Technology & Global Governance

JS: Technology seems to be an issue in this confrontation. Do you think that what we call the Fourth Industrial Revolution has brought about this situation whereby China is getting the benefits of this technology, which is in turn making its exports a threat to the rest of the world.

Goodman: Technology is a disruptive force – it has been a disruptive force since the first caveman picked up a rock and threw it at another caveman. That disruption can be good and is a net positive because it creates better efficiency in economics and production and contributes to economic growth. In the near term, it can be very disruptive to existing production and workers and systems of economic activity, and I think that is a contributing factor and a more important factor than trade. Trade often gets blamed for a lot of these problems but actually technological change combined with globalization and trade is the main source of the problem.

However, you can't stop technological change and you don't want to stop it because it does provide those broader benefits. As for China's role, I think that China has done something that is unprecedented in history in terms of its growth over the last 40 years from a position of poverty and economic backwardness to now being one of the most advanced countries in the world, and it did that through hard work and good policies including reform and opening of its economy, and taking advantage of technological advances.

China deserves a lot of credit and admiration for its success. And it is a natural for any country to want to move up the value chain, to innovate and to advance its economic system by taking advantage of technological gains. The problem is that China has had a tendency to take shortcuts to its technological development, including stealing intellectual property from advanced countries like the US and Japan and by forcing technology transfer from countries with advanced companies to China as a condition of entry to the Chinese market. That part of China's technological policy is problematic and troubling for countries like the US and Japan and that is why these issues have become such a focus of the US-China trade war.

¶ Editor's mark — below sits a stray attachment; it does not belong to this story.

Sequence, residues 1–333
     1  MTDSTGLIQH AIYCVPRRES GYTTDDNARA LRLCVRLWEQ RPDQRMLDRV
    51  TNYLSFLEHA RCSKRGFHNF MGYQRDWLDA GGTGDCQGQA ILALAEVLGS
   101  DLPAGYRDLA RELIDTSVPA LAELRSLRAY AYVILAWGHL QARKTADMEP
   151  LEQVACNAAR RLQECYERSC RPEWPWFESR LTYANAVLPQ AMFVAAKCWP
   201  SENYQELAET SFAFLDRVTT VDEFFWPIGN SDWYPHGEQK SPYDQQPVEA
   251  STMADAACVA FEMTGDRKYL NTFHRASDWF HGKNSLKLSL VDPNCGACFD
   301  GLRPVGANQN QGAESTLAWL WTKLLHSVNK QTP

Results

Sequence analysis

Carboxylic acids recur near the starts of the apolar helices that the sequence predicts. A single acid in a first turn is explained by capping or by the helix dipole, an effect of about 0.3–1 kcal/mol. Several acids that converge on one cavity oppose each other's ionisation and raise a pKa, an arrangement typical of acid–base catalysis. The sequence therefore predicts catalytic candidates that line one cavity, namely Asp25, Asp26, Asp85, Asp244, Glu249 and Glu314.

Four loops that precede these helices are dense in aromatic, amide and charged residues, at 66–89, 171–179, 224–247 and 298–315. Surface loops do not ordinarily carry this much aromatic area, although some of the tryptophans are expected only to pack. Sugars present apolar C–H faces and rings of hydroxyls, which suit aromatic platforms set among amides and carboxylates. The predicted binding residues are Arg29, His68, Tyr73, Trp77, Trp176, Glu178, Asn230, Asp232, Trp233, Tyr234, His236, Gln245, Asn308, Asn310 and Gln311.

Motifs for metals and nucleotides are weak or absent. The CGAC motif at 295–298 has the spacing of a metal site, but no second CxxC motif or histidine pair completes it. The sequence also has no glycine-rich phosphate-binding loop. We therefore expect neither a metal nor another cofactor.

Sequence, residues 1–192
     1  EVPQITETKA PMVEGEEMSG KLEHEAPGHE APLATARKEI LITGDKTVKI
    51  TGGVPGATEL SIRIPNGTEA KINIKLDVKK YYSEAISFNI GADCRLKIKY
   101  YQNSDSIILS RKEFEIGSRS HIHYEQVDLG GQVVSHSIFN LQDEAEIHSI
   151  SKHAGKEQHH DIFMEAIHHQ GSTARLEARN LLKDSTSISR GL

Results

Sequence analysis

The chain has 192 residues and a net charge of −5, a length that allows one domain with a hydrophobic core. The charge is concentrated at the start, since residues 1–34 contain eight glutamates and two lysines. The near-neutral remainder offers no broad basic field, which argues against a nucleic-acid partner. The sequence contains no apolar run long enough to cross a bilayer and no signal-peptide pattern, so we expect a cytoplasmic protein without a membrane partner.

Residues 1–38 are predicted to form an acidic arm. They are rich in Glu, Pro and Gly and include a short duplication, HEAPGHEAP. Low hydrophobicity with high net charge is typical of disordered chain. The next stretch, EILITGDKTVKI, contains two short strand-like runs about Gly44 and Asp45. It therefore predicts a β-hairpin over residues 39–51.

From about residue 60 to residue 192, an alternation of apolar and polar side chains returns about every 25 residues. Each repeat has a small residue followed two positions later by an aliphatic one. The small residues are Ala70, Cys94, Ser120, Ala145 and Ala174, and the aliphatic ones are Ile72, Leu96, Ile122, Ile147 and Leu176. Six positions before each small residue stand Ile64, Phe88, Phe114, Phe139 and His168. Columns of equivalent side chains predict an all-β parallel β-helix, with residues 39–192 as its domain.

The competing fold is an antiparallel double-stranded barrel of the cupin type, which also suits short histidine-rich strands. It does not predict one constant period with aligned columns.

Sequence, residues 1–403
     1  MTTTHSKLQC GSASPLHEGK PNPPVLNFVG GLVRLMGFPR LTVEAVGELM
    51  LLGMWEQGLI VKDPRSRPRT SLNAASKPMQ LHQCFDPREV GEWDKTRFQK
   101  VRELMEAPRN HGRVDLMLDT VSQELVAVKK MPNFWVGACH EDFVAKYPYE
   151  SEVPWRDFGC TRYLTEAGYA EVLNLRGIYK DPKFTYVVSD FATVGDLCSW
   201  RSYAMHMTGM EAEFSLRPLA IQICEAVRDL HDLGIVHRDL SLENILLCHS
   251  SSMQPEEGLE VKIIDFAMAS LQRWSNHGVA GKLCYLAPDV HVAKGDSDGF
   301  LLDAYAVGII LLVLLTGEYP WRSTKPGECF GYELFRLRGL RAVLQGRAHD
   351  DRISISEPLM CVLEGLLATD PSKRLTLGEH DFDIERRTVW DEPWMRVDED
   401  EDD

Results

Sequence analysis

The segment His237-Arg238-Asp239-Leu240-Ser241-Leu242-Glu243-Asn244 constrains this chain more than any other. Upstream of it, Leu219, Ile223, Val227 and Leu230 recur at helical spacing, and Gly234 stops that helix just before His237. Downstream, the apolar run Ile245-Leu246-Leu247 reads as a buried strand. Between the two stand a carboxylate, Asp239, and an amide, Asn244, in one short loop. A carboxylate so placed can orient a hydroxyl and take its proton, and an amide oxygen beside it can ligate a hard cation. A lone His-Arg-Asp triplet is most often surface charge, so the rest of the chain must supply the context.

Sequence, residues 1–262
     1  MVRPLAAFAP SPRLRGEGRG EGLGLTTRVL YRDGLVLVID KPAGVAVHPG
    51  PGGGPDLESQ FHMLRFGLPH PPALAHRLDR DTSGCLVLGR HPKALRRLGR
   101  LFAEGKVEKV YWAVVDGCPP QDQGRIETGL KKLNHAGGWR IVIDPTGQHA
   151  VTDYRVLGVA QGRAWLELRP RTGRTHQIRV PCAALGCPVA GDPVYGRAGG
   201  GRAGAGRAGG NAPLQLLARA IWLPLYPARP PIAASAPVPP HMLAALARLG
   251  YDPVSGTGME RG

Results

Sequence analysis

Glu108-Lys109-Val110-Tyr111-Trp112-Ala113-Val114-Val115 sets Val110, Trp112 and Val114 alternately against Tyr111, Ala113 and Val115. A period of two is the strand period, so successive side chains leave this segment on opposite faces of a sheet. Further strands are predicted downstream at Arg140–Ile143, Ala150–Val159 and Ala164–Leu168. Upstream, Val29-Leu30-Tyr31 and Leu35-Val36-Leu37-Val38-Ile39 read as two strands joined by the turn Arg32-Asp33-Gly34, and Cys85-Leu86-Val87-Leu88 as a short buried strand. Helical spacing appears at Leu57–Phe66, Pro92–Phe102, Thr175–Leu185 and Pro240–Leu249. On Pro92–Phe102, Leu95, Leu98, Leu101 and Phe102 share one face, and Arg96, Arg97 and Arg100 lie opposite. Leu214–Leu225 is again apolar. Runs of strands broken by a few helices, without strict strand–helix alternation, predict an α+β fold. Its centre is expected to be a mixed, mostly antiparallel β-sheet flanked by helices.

JS: In terms of technological progress, its rapidity seems to pose some difficulty, particularly in the context of international rule making. Such rapid progress in technology has made WTO rules obsolete. The "law of the jungle" could prove dominant now, and this is a concern for European and Asian countries. What do you think will be necessary to mitigate this concern?

Goodman: It is certainly true that institutions like the WTO and the rules and norms that they have promoted have been essential to the continued growth and success of many countries, including the US, Japan, and China but also many emerging and developing countries. Institutions and rules are very important, and these are under some strain. Part of that strain comes from very rapid technological change. There are also insufficient rules to govern those technological issues, particularly digital trade which really has relatively few rules that are commonly agreed. There is a negotiation in Geneva to try and create an e-commerce agreement that recovers some of those rules; you have plurilateral agreements like the CPTPP or the US-Mexico-Canada Agreement (USMCA) which has some new digital rules that are very important. Bilaterally, you have countries negotiating new rules, and most recently the US and Japan have negotiated a new digital trade agreement with rules about an open Internet and free data flows and no customs duties on cross-border electronic transmissions and so forth. These rules are quite important and there are various levels – global, regional, bilateral, unilateral.